Annual decline in membership for the past 7 years
Oh, duh! Strike that, TEC would be completely outta bidness.
I’ll guess: Dropoff in adult baptisms?
The comment–now deleted– made reference to the current TEC leadership in an unnecessarily derogatory way.
Can we please–please–take it easy on the cynicism?–Ed.
Daw-gone, I was looking at the very document that Mark links to, but I was looking at the decline of the domestic provinces (of which there are eight not seven). The answer was staring at me in the face. Similar to when I am trying to find my keys, and my wife comes to my rescue.
Dallas diocese down -13.3%. Fort Worth up 0.2%. (I know that’s not growth to brag about but at least it’s not a loss.) Hmm . . .
Let’s hear it for DIO TN! I am gone, but they are not forgotten.
Indeed, I was thinking provinces too.
Are we ready for interpretation?
These bad stats include me. But I’m also part of the growth in another area.
My lessons on these numbers are:
(1) If economic opportunities in your area are stagnant, the young will move away to better places and your churches will gray and die very quickly.
(2) Liberal culture tends not to be interested in organized religion, no matter how liberal you paint Jesus to be. Religion is about seeing purpose in your life beyond you, and allowing that to affect you own behavior, including your pleasures.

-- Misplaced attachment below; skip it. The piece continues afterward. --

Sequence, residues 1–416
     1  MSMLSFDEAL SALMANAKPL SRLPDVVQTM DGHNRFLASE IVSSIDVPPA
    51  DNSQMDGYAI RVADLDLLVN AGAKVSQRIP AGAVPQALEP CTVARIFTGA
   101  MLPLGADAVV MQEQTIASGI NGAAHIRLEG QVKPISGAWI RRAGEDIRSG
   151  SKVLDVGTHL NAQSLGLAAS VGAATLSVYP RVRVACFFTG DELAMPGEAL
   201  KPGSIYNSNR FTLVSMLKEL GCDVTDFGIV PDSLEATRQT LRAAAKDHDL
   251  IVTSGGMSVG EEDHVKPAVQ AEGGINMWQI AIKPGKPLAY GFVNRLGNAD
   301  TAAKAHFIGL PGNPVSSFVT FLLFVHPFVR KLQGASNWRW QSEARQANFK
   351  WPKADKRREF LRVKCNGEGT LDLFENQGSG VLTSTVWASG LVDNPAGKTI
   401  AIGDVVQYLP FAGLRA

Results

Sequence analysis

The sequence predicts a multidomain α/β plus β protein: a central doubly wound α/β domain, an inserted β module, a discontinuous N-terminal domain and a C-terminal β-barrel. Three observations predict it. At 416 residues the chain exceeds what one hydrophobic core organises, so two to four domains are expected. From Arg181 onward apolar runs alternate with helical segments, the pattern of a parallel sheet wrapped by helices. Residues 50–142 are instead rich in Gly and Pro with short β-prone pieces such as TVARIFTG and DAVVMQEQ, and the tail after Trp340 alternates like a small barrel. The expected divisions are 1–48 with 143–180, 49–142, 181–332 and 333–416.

This is an [i]incredibly[/i] liberal region – only one Republican member of the House of Representatives comes from this region. Probably vast numbers of people fully approve of TEC in this region. And the vast majority of those are also fully uninterested in any church. In fact, they’re probably reluctant to call themselves Christians because of what that moniker now means nationally.
So, conservatives need to deal with the fact that sympathy to gays by itself does not have much to do with these numbers – some, but not much. But liberals need to recognize that their constituency and full-package world view does not build churches well – even when the local demographics are in their favor.
This has never been about “sympathy to gays” but about the issue of sex outside of marriage being permissible for Christian leaders.
See for example Welcoming but Not Affirming: An Evangelical Response to Homosexuality by Stanley Grenz
[url=http://www.amazon.com/Welcoming-but-Not-Affirming-Homosexuality/dp/0664257763/ref=sr_1_11?ie=UTF8&s=books&qid=1204419926&sr=1-11]Amazon book listing here[/url]
Welcoming the people but not affirming the behavior, e.g.
Your point #10 about New England, however, is well made.
#11. I’m not sure that the folks in the pews agree with your first statement. I have to say (having been on conservative online dating sites where specific opinions on these issues are revealed) it is downright [i]astounding[/i] how many so-called Christian conservatives say they think homosexual behavior is wrong, but aren’t sure about heterosexual premarital sex. I would like to see a scientific survey on the question, though.
We would probably agree, though, that the liberals are not frank about the fact that a great deal of sympathy for gays comes from folks who are okay with extramarital sex.
I would like to know who these 2,000+ people are, who became active in TEC in South Carolina in 2003-06. Are they liberal or conservative? If conservative, why did they find such a liberal church appealing?
I have long said that it is incumbent on those proposing change in an organization to prove that the change won’t lead to the death of the organization. That kind of makes sense!